Paschal Donohoe plans first balanced budget since crash

Finance Minister Paschal Donohoe has committed to delivering a balanced budget next year for the first time since the economic crash.

Finance Minister Paschal Donohoe has committed to delivering a balanced budget next year for the first time since the economic crash.

Mr Donohoe has also signalled that job creation is now so high that there may be problems filling positions in the coming years.

He said: “We could begin to experience capacity constraints within our labour market. If we were to get to that point in the future, this would be something that Government would have to reflect on and then engage with.”

The positive outlook came as the ESRI warned that a hard Brexit could result in a loss of up to €600m to the State between 2019 and 2021. It also cautioned that the tax take is down this year.

Mr Donohoe dismissed this report and insisted this year’s budget is on target.

Michael D’Arcy, the junior finance minister, pointed out that the ESRI had based its projections on a hard Brexit.

Mr Donohoe will be tasked with drafting all parts of Budget 2018 after being appointed to the Departments of Finance and Public Expenditure and Reform.

He said Budget 2018 will be “sensible and affordable” but would allow for capital investment. He announced he would be publishing a 10-year capital plan focused on getting best value for the taxpayer on a phased basis.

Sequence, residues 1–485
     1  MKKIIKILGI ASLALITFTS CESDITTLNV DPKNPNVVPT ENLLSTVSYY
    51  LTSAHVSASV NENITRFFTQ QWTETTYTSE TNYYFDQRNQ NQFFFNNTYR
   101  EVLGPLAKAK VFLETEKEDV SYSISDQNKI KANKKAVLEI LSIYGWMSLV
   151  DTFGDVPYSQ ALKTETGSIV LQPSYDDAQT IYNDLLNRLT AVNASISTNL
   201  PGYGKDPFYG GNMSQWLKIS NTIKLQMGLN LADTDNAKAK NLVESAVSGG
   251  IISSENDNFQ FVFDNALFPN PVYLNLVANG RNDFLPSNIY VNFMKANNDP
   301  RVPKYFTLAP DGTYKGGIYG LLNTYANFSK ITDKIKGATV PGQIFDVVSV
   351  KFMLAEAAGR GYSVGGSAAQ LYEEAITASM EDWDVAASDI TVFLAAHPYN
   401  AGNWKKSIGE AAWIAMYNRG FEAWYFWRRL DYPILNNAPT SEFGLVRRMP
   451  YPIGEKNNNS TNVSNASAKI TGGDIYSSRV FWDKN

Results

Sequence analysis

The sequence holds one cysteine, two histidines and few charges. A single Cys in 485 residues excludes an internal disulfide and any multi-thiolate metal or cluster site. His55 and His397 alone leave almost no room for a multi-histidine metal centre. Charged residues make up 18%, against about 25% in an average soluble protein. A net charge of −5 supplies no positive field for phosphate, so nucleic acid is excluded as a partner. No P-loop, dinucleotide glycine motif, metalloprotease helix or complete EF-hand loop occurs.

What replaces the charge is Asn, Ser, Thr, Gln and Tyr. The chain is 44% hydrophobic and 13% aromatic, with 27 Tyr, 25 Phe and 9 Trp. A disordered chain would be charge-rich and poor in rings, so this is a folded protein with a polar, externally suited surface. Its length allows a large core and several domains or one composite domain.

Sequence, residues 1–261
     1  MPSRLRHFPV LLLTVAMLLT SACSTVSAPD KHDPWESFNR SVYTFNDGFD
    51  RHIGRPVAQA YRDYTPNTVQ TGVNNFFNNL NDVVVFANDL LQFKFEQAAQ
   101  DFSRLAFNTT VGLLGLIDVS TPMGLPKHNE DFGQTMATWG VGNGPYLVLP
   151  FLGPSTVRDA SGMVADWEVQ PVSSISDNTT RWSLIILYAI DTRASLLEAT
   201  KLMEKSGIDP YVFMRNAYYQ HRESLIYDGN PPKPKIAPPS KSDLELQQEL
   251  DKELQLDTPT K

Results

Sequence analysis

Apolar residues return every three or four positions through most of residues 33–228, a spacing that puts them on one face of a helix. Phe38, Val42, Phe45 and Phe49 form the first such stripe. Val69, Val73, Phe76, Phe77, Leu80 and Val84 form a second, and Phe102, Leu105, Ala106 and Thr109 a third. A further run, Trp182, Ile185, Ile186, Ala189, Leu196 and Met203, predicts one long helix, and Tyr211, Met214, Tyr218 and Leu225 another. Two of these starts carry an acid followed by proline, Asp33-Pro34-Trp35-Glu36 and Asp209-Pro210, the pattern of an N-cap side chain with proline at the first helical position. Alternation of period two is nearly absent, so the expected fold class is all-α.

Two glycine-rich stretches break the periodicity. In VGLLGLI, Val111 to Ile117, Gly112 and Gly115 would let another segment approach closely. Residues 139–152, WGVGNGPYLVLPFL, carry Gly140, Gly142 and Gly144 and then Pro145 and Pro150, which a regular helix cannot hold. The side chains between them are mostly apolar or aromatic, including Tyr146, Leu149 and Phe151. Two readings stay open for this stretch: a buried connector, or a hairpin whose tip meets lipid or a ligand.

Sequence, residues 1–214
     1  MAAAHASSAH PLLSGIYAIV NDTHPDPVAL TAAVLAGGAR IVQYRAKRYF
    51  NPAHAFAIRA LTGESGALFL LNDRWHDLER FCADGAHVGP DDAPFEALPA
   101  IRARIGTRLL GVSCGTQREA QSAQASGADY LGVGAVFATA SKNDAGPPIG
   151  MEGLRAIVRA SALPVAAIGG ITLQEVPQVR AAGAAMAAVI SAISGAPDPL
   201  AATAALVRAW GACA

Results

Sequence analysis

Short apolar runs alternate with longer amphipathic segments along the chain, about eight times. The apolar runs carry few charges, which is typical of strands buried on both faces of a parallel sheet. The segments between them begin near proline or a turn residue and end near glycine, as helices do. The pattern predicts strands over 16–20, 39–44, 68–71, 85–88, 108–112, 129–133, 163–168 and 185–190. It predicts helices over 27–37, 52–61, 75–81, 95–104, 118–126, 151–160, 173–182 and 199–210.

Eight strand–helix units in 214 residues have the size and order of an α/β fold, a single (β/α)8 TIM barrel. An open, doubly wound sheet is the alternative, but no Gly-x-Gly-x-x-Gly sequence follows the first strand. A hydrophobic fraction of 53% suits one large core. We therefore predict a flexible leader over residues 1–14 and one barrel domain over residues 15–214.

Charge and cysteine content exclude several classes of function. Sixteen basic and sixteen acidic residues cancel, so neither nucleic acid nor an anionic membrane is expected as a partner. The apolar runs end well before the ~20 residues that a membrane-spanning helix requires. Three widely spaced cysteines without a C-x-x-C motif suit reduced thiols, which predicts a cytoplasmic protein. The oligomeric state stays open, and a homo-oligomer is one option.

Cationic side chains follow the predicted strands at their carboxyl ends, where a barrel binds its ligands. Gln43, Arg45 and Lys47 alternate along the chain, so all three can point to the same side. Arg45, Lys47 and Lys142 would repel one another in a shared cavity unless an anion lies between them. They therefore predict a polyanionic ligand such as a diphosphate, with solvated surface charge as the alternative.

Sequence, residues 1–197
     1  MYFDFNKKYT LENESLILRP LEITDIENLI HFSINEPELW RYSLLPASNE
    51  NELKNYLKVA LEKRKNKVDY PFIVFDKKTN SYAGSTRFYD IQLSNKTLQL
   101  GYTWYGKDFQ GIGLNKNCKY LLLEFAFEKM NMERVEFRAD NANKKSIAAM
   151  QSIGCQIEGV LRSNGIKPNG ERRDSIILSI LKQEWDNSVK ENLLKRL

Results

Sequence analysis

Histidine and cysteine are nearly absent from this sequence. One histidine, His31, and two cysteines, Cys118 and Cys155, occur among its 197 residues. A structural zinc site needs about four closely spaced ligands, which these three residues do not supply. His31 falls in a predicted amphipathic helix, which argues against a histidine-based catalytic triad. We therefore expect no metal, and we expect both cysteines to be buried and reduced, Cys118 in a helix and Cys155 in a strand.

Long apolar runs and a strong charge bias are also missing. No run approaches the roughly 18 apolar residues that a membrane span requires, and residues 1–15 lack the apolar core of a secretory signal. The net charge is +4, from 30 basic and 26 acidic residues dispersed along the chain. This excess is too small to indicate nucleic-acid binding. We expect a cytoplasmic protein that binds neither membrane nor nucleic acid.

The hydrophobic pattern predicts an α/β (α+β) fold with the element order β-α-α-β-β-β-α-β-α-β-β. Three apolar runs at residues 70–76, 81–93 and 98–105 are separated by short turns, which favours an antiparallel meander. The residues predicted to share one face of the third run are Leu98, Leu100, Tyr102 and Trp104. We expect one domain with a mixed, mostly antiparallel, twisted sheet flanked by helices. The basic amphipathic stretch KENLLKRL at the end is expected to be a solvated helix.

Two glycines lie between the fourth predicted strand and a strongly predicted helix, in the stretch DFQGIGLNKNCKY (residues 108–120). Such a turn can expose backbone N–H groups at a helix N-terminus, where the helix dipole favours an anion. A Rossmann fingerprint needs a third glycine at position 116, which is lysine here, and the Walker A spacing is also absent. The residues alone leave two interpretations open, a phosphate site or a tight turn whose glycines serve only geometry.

“The choices that we make will not be about the quantity of money that we spend on capital in our country,” he said. “It has to be about the quality of projects, it has to be about making sure that we are investing in projects that will help our economy grow better in the future.”

He said officials are looking at how to merge USC and PRSI, but this would happen over a number of budgets.

On the economy as a whole, Mr Donohoe said he expects 4.3% growth this year and annual growth in employment of 1.2%.

“We think it is feasible that we will move into 2018 and deliver a scenario of reaching an unemployment rate of approximately 5.5%,” he said.

“Clearly that would be an extraordinary achievement given all Irish citizens, companies, firms, and everybody who invested in Ireland has gone through, to find ourselves in a position to deliver that kind of participation rate in our labour market.”

Shorter term, Mr Donohoe said the Government aims to deliver a structural deficit of 0.5% in the next budget, which “would be equivalent to our country delivering a balanced budget”.

“I believe that delivering a balanced budget for our economy and our citizens next year is the foundation on which we will be able to build sustainable prosperity in the coming years.”


We hear a lot about the geese, ducks and swans that arrive here from colder climes for the winter, but much less about smaller birds that come here to escape harsher conditions in northern Europe.Keep an eye out for redwings this winter

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